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Solar farms and songbirds: could skylarks benefit from ground mounted solar?

In spring, the liquid warbling song of the skylark is a welcome signal of warm, summer days ahead and is a ubiquitous feature of the UK countryside. However, this emblematic sound is at risk of disappearing, given declining skylark numbers in recent decades. Skylarks are red listed under the Birds of Conservation Concern framework and the British Trust for Ornithology (BTO) have reported declines of 63% across England during the period 1967 – 2016. Agricultural intensification is the main driver of skylark declines and has negatively impacted many ground nesting species reliant on farmland habitat. Skylarks need seeds, vegetation, and insects to feed on and suitable areas to nest to survive and reproduce successfully. However, increasingly intensive management practices and the transition from spring-sown to autumn-sown crops reduces their food supply and creates less favourable nesting conditions.

Skylarks can be found on agricultural land which is also suitable for solar farms and consequently, there is concern surrounding potential impacts. Preferring to nest in open fields, away from tall structures, skylarks need clear sight lines in order to spot predators. The presence of solar arrays is therefore not conducive to nesting by skylarks.

But whilst confirmed nesting on solar farms has, to date, not been recorded, skylarks foraging for their summer staple of invertebrates such as spiders have been observed. Ecological consultancy reports state that skylarks were present on 50% of solar farms monitored in 2019 and on 31% of sites in 2020, including several foraging birds. Unpublished data collated by Solar Energy UK from more than thirty solar farms in 2022 support these observations, with skylarks present on 51% of sites surveyed, including some exhibiting foraging behaviour. It is thought that appropriately managed solar farms which emphasise grassland diversity could act as optimal foraging habitat, and in turn improve outcomes for off-site nests in

territories adjacent to solar farms. Some of the skylarks were also observed singing from solar panels to advertise a territory. But in the absence of any confirmed nests, this suggests there may be a ‘nest site fidelity’ effect whereby birds return to old territories in subsequent years, delaying eventual displacement. At present, the most effective mitigation option is most likely the enhancement of undeveloped grassland and arable land to increase the carrying capacity and receive a proportion of displaced territories. A reversion to set-aside or fallow land is likely to be best, but other measures which don’t require removal of land from productive cultivation also exist. These include the reversion from winter sown cereals to spring sown cereals (to delay the point at which vegetation becomes too tall for nesting), or a switch to organic practices, both of which substantially improve numbers of nesting attempts and breeding success, although a greater hectarage may be necessary. Wider uncultivated arable margins also lead to a similar improvement in foraging potential. Often misunderstood, ‘Skylark plots’ (undrilled patches within cropland measuring 5x5m at a rate of 2 per hectare) break up arable monocultures and increase invertebrate prey abundance but they do not provide nesting habitat in themselves. Therefore, they are a worthwhile enhancement to suitably large and open mitigation fields but are unlikely to serve any nesting purpose within the developed area of a solar farm.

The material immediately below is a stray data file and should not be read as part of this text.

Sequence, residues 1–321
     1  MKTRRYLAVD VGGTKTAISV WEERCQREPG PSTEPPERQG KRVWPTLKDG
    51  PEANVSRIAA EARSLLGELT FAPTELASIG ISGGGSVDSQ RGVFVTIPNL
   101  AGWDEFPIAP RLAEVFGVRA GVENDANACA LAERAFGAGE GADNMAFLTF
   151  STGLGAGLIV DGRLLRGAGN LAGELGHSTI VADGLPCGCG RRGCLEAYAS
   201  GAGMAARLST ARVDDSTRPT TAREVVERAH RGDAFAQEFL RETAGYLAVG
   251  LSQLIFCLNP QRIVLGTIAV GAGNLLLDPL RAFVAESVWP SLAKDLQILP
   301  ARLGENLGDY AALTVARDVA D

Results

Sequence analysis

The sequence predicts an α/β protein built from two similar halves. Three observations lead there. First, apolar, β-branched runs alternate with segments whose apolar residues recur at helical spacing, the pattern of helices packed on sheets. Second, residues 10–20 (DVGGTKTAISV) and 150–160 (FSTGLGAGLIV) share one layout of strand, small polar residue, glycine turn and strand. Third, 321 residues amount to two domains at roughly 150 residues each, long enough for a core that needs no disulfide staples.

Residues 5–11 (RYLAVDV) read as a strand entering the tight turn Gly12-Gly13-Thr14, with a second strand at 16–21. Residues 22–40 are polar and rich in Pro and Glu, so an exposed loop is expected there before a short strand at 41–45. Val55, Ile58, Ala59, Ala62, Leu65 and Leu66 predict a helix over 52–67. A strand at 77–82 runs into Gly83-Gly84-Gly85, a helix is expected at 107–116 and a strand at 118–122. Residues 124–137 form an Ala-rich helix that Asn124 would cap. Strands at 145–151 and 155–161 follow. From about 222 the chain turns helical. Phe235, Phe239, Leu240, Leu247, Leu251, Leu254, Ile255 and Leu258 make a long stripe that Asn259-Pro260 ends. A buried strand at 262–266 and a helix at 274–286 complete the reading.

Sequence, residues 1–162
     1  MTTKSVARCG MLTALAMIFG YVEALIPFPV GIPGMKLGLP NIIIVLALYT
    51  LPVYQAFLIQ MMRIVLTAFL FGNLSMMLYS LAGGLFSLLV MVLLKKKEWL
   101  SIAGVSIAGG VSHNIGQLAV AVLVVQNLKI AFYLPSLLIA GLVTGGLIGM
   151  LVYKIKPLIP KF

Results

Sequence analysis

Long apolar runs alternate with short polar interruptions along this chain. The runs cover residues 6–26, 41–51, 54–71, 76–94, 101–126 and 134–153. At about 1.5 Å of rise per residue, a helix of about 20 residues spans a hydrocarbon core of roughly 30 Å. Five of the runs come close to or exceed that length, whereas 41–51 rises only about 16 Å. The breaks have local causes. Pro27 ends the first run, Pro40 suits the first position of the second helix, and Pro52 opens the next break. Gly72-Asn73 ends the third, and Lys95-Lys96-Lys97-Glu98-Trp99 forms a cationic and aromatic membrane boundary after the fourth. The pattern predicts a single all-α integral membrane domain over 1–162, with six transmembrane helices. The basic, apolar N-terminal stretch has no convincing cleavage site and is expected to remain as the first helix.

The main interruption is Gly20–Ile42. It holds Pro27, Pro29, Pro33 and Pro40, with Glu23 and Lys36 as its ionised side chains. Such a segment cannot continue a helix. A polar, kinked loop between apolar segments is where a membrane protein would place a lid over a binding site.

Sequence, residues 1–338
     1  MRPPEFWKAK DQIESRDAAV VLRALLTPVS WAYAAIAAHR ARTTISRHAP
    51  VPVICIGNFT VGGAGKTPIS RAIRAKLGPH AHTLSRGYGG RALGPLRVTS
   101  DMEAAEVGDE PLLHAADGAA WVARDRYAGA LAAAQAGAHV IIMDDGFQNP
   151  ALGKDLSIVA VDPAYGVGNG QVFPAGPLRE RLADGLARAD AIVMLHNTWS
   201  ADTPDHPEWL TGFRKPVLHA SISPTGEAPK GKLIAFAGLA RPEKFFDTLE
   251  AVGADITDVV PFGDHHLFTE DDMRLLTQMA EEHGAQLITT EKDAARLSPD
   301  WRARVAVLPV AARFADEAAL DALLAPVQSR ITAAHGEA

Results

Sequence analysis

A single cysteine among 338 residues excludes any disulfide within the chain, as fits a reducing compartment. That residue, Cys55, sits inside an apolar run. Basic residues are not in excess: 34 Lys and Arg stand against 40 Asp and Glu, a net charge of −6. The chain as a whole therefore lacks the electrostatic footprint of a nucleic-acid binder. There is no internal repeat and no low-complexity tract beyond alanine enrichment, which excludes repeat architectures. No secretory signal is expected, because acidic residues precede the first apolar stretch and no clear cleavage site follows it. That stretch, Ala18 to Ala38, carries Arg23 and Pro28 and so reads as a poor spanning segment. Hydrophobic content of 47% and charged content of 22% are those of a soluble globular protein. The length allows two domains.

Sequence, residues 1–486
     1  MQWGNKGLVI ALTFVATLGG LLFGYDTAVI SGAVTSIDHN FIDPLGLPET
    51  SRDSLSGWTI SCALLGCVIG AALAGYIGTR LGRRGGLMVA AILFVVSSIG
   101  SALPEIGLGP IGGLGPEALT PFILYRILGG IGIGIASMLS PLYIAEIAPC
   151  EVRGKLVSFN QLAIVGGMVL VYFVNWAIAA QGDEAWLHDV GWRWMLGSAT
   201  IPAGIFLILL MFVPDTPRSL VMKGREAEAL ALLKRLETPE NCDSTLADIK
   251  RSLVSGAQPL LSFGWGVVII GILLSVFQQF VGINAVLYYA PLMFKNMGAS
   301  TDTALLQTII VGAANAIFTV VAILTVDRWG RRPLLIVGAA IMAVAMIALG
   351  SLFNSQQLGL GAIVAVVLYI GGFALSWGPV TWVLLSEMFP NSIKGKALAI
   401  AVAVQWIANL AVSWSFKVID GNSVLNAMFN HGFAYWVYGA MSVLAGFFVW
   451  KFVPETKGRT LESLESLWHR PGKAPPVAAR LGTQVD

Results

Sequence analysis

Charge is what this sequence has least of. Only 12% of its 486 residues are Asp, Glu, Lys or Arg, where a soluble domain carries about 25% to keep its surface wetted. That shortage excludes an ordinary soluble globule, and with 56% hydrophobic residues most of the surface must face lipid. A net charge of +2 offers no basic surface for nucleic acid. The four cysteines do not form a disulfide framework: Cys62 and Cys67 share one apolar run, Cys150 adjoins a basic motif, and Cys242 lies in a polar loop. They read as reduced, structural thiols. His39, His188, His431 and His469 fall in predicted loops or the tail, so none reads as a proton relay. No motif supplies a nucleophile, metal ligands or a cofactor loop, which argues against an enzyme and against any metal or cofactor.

Despite observations of skylarks using solar farms, more robust evidence describing the impacts of solar farms on skylark foraging and nesting behaviour is needed. Researchers at Lancaster University are trying to address this knowledge gap, by examining how skylarks use solar farms, if and where nesting occurs and the impacts of solar farm management types. The results will help to inform management best practice guidance and maximise solar farm potential and improve mitigation options when protecting this threatened species. A growing focus on natural capital and biodiversity monitoring across the solar industry will also enable crucial data to be collected and analysed, building up the picture of how skylarks, other ground nesting birds such as yellow wagtail and meadow pipit and biodiversity more broadly use solar farms as a habitat.

For more information about managing solar farms for skylarks and wider biodiversity, see the Solar Energy UK Natural Capital Best Practice Guidance.

To find out more about monitoring, see A Standardised Approach to Monitoring Biodiversity on Solar Farms. Standardised monitoring took place across solar farms in 2022 and the results will be published by Solar Energy UK this spring.